Chapter Threediscusses the Experience of Drawing: Perspective views; irregular perspective; constructing a view along a street; areas of light and dark; angles; triangles and rectangles; human architecture; ellipses in perspective; using a common unit of measurement; perspective terminology; relationships in the picture plane; Alberti’s system; field of vision; chequerboard to create an illusion of depth; and dealing with movement.
Chapter Four concentrates on Form and Shape: Architectural forms; shape recognition; creating form; approaches to form; and exercises in simplifying and realizing form; while Chapter Five is all about Forms of Nature:
Plants: Flowers and trees; trees in the landscape and tree growth patterns and shapes; landscapes from different perspectives; experimenting with different media; depiction of earth, water and sky;
Animals: Movement; large animals; and drawing on the hoof; and
Introduction to the Human Figure: Heads; facial features and hair; perspective views; hands; musculature; composition of figures; close ups of joints; and clothing and movement.
Chapter Six enlarges on the latter subject area with Figure Drawing and Portraiture: Drawing from life; different poses; nudes; the torso; movement; proportions; closeups on legs and feet; arms and hands; mouths and eyes; and noses and ears; the head at different angles; facial expressions; juvenile features; form and clothing; expressing movement and attitudes; and spontaneous portraiture, backed up by a series of revision exercises. There is also a section on caricature: its use in satire and art; stereotyping; and modern trends in caricature.
Chapter Seven focuses on Styles and Techniques: Pencil drawing; simple outlines and precision; pen and ink and line and wash; chalk on toned paper; the use of scraperboards; different techniques, including blotting; card-edge and silver-point techniques; line versus tone and experimenting with light; action for drama; and the genius of simplicity.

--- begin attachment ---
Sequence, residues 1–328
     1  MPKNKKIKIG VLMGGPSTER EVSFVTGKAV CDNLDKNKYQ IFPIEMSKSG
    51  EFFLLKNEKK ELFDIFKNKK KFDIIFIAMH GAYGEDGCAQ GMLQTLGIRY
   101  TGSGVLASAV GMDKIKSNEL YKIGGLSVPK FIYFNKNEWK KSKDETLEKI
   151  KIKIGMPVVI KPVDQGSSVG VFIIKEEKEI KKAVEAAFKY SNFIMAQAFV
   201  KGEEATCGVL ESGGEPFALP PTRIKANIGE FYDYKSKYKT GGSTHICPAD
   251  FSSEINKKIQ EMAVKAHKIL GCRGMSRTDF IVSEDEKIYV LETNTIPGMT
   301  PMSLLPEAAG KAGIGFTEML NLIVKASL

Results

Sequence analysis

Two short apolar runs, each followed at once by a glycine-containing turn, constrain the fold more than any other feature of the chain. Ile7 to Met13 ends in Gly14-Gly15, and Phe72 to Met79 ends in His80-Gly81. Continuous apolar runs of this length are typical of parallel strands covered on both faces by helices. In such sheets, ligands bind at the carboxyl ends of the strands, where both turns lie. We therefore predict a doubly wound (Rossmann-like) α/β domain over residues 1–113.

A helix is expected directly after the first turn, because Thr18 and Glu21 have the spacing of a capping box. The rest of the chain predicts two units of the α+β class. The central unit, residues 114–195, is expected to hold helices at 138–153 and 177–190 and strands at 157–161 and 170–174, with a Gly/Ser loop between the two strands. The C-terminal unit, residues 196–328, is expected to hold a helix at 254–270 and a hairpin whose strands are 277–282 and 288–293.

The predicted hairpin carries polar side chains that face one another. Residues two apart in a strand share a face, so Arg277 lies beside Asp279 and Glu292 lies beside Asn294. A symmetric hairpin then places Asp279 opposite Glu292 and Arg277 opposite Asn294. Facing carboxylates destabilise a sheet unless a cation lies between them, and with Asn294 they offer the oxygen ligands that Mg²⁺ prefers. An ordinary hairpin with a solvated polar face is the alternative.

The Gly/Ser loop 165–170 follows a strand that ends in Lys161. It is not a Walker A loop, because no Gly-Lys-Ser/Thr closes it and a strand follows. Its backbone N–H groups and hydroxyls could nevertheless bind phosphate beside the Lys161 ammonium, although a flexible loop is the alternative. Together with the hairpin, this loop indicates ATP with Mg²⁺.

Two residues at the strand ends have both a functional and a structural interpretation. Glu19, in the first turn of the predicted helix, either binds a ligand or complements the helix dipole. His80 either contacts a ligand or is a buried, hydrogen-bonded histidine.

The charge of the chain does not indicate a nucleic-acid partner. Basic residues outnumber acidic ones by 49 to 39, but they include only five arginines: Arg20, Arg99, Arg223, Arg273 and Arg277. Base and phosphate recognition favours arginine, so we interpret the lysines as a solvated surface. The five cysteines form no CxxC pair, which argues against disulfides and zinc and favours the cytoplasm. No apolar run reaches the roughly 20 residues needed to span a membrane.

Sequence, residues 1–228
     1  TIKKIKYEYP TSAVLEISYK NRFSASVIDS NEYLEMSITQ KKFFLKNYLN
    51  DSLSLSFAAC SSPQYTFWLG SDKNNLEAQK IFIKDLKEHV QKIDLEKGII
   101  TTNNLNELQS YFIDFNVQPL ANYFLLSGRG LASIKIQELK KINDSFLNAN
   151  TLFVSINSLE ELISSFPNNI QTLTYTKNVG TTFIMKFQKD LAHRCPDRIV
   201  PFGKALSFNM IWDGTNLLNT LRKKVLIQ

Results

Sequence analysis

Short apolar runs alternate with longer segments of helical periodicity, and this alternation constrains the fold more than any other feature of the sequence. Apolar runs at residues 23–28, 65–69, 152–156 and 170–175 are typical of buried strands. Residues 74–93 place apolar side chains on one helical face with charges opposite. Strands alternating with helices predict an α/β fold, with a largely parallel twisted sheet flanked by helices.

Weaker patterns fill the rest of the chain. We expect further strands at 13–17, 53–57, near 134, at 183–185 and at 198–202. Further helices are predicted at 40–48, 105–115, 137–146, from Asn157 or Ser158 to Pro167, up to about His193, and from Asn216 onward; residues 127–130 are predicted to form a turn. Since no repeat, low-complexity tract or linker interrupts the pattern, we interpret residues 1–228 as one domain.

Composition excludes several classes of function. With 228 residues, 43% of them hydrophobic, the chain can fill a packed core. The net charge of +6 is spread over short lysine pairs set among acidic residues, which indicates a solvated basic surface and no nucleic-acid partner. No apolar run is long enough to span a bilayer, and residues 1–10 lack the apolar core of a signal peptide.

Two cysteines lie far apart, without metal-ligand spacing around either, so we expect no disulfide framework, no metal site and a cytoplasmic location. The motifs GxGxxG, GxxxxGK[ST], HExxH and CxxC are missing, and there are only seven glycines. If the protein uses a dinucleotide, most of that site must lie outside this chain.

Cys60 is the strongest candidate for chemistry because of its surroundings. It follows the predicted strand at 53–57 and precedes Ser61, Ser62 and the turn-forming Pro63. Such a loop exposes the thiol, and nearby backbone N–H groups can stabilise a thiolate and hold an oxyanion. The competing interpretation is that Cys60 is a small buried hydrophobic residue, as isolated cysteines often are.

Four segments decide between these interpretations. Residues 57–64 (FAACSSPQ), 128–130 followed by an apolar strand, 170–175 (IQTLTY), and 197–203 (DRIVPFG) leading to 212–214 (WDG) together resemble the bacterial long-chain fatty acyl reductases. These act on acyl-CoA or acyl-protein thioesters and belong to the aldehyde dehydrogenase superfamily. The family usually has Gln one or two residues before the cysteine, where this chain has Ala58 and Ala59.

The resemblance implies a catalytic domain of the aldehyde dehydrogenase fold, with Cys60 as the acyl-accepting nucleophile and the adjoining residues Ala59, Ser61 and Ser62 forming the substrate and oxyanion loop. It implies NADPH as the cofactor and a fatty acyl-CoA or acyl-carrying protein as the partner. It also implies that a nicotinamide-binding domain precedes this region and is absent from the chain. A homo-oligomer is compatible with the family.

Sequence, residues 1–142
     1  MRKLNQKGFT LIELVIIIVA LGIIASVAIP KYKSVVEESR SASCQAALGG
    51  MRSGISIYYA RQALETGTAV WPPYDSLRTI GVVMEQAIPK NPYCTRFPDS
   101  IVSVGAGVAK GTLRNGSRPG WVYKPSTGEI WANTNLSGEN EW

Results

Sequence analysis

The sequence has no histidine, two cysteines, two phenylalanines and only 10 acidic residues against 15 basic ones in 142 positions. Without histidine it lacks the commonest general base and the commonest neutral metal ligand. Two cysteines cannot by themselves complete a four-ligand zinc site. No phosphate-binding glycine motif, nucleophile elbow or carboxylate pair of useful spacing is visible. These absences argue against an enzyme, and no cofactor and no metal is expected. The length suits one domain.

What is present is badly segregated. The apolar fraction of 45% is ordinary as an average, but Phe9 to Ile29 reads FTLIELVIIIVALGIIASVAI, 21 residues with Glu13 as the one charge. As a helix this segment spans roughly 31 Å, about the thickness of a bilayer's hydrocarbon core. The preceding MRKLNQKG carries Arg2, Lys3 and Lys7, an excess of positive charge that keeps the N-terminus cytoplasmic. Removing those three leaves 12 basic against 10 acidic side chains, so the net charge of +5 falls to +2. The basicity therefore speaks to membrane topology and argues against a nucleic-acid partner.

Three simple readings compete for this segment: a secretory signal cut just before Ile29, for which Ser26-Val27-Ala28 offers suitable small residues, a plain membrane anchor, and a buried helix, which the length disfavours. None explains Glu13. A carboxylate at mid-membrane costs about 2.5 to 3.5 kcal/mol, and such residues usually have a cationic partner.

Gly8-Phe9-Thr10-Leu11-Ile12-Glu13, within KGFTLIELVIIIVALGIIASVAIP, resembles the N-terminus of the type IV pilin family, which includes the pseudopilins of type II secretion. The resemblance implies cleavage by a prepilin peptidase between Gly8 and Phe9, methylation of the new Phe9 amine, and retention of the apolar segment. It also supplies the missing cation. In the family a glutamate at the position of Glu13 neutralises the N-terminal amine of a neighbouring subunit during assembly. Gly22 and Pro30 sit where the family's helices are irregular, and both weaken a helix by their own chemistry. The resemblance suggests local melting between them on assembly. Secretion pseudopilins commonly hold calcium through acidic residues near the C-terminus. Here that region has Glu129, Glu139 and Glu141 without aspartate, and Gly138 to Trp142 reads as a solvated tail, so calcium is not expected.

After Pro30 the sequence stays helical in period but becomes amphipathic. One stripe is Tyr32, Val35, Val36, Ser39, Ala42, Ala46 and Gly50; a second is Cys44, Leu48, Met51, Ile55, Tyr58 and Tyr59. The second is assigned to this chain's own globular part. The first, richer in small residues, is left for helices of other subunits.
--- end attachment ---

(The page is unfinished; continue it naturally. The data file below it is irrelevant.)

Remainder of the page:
Composition is the main topic of Chapter Eight: Analysis and geometry of composition; movement and abstract and naturalistic design in composition; interiors; creating and balancing a composition; emotional content; and variations on a theme.
The final chapterlooks at the Drawings of the Great Masters: Ancient Greeks; Leonardo da Vinci; Raphael; Michelangelo; Rubens; Holbein the Younger; Rembrandt; Tiepolo; Watteau; Ingres; Delacroix; Turner; Degas; Renoir; Seurat; Cézanne; Matisse; Picasso; and Henry Carr. By acute observation of their works, techniques and methods and economy of effort and by practicing their style, the sketching student can learn so much and can further develop their own abilities.
2. General Guides to Drawing and Painting
Sketching and Painting: A Step by Step Introduction by FC Johnston 1976
Probably more an introductory book about painting, this publication was my husband’s first sketching book. Like me, he too yearned to become a better sketcher, but unlike me, he continues to practice, and is hence better at it! There are six parts to this book:
Part One: Preparation for Painting: The artist’s eye; basic equipment; working outdoors; the selection and arrangement of subjects; and composition and perspective.
Part Two: Painting in Watercolour: Paints, brushes and paper; paper preparation and laying down a wash; monochrome and colour paintings; mixing colours; and trees, foliage and grass.
Part Three: Painting in Oils: Equipment and basic techniques; monochrome and colour painting; colour mixing; trees; and further techniques and painting surfaces.
Part Four: Painting with Acrylic Colours: Acrylic paints; opaque qualities and texture; transparent washes; and knife painting.
Part Five: The Art of Sketching: Using a pencil; studies in pen and ink; pens without nibs; and sketching with charcoal and conté crayon.
Part Six: Mounting, Framing and General Advice: Mounting and framing oils and acrylics, watercolours and sketches; and final random thoughts and advice.
How To Paint and Draw: A Complete Course on Practical and Creative Techniques by Hazel Harrison 1994
Another excellent guide to painting and drawing, which is the equivalent of Barrington Barber’s book in its comprehensive and thorough coverage of drawing, watercolour, oil, acrylics and pastels. It is hard to believe that there would be any neglected facet of this vast subject area!The book begins appropriately with Part One: Drawing, as basic drawing ability is an essential foundation to painting.